Dear Diary: Woke up, went out to the woods to shoot my horror movie, and got caught up in a zombie invasion. Considering what a bunch of unsupportive jerks my “friends” were during the filming of my own movie, I can’t say that I’m terribly upset that they keep getting picked off one by one as we drive a beat up RV to various Canadian locales disguised as Pennsylvania.
Note to self: in the future, make sure to regularly maintain said beat up RV so we don’t have to rely on a deaf Amish guy to help us fend off an army of the living dead. Still, the guy showed some nice get up and go when he took that sickle and drove it through his and a zombie’s heads!
George Romero returns zombie-like to the zombie movie genre he pretty much created with his fifth entry in a series of films where corpses start meandering around and eating people too stupid to get out of the way.
Diary Of The Dead marks a significant departure from the others in that he dispatches with the usual straight forward storytelling techniques of those films and adopts the faux-documentary style we’ve seen in movies like The Blair Witch Project and Cloverfield.
Perhaps owing to his own real-life roots as a documentary filmmaker, with Diary Of The Dead, Romero achieves better results than either of those movies. Infinitely slicker than The Blair Witch Project and not nearly as headache-inducing as Cloverfield, Diary Of The Dead straddles a fine line between being a compelling first person account of the living dead returning to life and just being a pointless gimmick that doesn’t even make sense within the story itself.
We are told from the beginning that what we are seeing is Jason Creed’s movie called The Death of Death which is his chronicle of the zombie attacks. His girlfriend is the one who edited all the footage from a couple of cameras and even added music to it for us!
This is one tough broad! Even after all she goes through in the movie, losing most of the people she ever loved, facing a world where man’s hopes dim with every bite, and ending up in fortified panic room with an alcoholic college professor who is freaking Rambo with a bow and arrow, this chick still finds time to cut and score a really professional film! That’s something for your old lady to keep in mind the next time she gives you lip about getting you another beer from the fridge!
But if the army of flesh-eating rotters is growing with every minute why is this Jason guy carting around a big ass camera and bothering his friends with stupid questions while they’re trying not to have their guts ripped out? Wouldn’t he better off if he ditched the camera for a M16?
No! That’s just what the Man wants! Without Jason to document what’s really happening, no one will know the truth! Well, no one, except everybody on the planet who’s trying to escape the millions of zombies that are suddenly camped out in their front yards!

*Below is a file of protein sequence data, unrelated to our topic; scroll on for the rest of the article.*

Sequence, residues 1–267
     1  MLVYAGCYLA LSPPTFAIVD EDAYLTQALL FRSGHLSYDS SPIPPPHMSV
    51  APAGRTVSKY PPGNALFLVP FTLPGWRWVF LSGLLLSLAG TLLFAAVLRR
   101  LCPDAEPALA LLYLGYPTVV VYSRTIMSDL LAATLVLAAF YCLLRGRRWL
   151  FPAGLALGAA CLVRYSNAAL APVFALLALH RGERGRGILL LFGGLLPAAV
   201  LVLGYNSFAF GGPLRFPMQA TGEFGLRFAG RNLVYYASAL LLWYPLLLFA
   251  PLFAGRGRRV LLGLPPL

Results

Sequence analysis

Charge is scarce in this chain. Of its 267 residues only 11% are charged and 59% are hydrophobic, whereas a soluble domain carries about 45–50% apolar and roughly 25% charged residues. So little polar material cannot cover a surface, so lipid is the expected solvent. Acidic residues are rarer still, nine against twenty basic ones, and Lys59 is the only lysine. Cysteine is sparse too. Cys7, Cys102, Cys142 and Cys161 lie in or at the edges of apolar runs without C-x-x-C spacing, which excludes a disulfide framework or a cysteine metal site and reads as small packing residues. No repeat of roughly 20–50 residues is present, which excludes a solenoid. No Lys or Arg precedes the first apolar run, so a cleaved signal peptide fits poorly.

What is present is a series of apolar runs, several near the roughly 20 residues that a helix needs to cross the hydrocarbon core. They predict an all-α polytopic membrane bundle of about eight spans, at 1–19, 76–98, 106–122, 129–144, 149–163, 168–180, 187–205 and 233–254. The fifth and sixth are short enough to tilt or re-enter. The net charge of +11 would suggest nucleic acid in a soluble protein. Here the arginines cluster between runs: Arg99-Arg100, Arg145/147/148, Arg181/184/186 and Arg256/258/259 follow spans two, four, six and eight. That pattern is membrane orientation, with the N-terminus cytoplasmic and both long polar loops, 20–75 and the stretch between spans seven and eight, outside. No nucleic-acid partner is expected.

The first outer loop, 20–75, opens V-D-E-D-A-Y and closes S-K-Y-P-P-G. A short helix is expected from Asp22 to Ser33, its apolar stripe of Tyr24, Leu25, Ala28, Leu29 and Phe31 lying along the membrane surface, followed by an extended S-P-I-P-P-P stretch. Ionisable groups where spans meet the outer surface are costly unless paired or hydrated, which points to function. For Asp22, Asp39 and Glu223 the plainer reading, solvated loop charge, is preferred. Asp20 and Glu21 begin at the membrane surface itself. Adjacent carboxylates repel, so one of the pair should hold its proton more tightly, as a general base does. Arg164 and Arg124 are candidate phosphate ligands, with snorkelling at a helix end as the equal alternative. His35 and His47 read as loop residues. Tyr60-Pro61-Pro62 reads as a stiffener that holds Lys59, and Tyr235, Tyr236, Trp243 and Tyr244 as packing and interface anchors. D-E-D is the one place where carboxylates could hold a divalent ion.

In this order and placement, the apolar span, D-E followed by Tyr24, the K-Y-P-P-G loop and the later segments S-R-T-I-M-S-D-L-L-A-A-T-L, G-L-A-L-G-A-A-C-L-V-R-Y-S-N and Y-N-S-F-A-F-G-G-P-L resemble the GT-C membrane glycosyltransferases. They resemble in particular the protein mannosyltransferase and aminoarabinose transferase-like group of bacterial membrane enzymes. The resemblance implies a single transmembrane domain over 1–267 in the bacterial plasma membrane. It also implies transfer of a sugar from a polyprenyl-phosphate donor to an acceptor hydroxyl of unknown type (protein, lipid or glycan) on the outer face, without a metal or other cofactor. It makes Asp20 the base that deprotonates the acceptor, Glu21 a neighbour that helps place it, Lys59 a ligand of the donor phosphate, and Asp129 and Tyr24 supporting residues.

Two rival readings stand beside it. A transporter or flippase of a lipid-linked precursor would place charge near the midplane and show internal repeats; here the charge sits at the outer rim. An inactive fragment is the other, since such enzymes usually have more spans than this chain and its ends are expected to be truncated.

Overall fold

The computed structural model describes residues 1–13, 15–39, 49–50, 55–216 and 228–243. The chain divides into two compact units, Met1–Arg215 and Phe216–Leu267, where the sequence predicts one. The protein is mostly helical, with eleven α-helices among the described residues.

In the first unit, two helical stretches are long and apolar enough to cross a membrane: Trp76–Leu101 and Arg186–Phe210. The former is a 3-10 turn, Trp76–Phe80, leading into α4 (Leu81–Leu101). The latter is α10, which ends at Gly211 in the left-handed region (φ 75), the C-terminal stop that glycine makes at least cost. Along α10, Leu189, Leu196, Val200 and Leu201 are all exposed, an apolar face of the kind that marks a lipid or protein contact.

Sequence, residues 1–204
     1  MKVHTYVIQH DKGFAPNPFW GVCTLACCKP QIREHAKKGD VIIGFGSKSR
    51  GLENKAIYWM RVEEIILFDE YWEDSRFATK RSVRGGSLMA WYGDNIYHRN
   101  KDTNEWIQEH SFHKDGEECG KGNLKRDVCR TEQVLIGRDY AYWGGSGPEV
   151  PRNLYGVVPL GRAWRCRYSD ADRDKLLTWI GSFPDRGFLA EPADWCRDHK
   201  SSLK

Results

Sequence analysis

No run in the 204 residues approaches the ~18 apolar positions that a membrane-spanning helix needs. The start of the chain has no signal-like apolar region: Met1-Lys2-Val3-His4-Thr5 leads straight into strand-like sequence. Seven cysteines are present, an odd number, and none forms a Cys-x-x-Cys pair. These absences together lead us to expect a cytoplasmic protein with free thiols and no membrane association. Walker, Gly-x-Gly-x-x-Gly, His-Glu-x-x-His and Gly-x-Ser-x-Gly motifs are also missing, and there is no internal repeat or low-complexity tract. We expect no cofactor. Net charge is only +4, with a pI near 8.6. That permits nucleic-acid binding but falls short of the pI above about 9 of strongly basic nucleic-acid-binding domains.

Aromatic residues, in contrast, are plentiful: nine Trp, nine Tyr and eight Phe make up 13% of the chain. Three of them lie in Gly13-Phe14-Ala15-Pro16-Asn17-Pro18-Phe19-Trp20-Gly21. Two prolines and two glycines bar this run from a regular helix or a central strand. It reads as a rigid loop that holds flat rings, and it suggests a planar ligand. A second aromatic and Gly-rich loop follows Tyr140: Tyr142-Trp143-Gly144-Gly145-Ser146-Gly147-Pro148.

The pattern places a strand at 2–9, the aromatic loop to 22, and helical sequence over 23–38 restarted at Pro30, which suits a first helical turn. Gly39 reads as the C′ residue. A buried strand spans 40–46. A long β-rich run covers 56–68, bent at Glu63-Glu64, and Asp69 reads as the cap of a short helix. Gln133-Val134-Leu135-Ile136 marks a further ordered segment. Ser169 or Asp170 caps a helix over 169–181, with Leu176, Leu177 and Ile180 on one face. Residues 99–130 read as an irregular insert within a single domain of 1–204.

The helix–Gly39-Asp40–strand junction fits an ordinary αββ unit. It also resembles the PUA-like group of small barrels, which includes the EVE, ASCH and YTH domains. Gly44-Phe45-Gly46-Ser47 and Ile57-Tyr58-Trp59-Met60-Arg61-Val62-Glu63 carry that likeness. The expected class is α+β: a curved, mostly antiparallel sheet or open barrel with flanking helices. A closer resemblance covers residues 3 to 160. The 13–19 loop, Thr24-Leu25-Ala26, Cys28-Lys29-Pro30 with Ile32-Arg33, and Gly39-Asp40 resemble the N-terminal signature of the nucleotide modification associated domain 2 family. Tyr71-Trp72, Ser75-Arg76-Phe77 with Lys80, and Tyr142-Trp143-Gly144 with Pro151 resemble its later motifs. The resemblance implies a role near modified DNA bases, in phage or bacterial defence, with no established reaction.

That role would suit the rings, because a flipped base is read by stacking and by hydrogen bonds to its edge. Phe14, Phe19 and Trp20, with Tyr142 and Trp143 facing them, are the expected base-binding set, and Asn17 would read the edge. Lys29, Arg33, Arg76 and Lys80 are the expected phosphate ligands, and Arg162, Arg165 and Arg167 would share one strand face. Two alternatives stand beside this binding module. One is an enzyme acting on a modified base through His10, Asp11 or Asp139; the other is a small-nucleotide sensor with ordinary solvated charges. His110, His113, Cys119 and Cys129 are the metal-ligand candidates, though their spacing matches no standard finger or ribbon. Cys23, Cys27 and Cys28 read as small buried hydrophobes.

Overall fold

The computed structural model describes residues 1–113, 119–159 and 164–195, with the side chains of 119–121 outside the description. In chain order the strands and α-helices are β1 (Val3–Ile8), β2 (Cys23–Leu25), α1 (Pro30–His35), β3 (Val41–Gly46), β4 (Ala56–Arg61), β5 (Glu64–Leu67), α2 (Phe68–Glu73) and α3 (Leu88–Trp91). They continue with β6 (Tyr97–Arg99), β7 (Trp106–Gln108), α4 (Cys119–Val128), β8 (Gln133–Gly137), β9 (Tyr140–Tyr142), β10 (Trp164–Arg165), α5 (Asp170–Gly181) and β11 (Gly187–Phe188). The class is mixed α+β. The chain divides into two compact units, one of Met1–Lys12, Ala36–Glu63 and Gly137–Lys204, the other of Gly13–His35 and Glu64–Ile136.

I’ll grant Jason that when the zombie outbreak begins our government will ignore, lie, and soft-peddle the problem until there’s no government left to ignore, lie and soft-peddle the problem! That’s the government’s dang job, Jason! To protect us! If they have to use the old Jedi mind trick to convince us that all is well, then that’s what they got to do! Don’t you know that not only is freedom not free, it’s not always totally honest! Or do you support the zombies, Jason?
Clearly, the movie insists on this dopey documentary gimmick so that Romero can tack on more of that sledgehammer social commentary we never like to see in our movies. While Dawn Of The Dead was a criticism of mass consumerism and Land Of The Dead was an indictment about the growing gulf between the haves and have nots, Diary Of The Dead brings a populist message that it will be up to the non-traditional media of the 21st century to get the truth out about things since you can’t trust the government.
Of course, what is conveniently ignored is that there’s just as many liars with their own agendas prowling around on the Internet and that if anything, the Internet is the biggest breeding ground for misinformation there is.
And the whole “only a guy with a camera can be trusted” thing smacks as a little self-serving on Romero’s part. Every bit of footage shot involves a choice by the filmmaker as to what is important enough to document. It’s just another guy telling us “don’t trust anybody except me.”
Jason’s friends though are even bigger tools than he is because they actually put up with his monkeying around with a camera during all this. When the zombies roll into my neighborhood, any dude I’m with better be concentrating on keeping us alive, not getting that perfect shot of my reaction to seeing that my whole family has been eaten by the living dead! His friends should have either taken the camera from him or just ditched him entirely. None of it made any sense from a survival standpoint.
Still, the immediacy the gimmick gives the events in the movie adds to an atmosphere of hopeless dread. Without the usual scene set-ups we’re used to seeing in horror movies, there is a haunted house quality to things, where something bad could be lurking around every corner ready to jump out at us.
Romero doesn’t skimp on the gore and if he doesn’t wallow in the pig guts like in Dawn Of The Dead or Day Of The Dead, it’s because the guy with the camera is hauling ass trying not to get eaten! There’s still plenty of gory mayhem that’s always one of the fringe benefits of an undead apocalypse though and its usually pretty quick and brutal. If the documentary angle and lame social commentary don’t turn you off, go ahead and sneak a peek at George’s Diary.
© 2015 MonsterHunter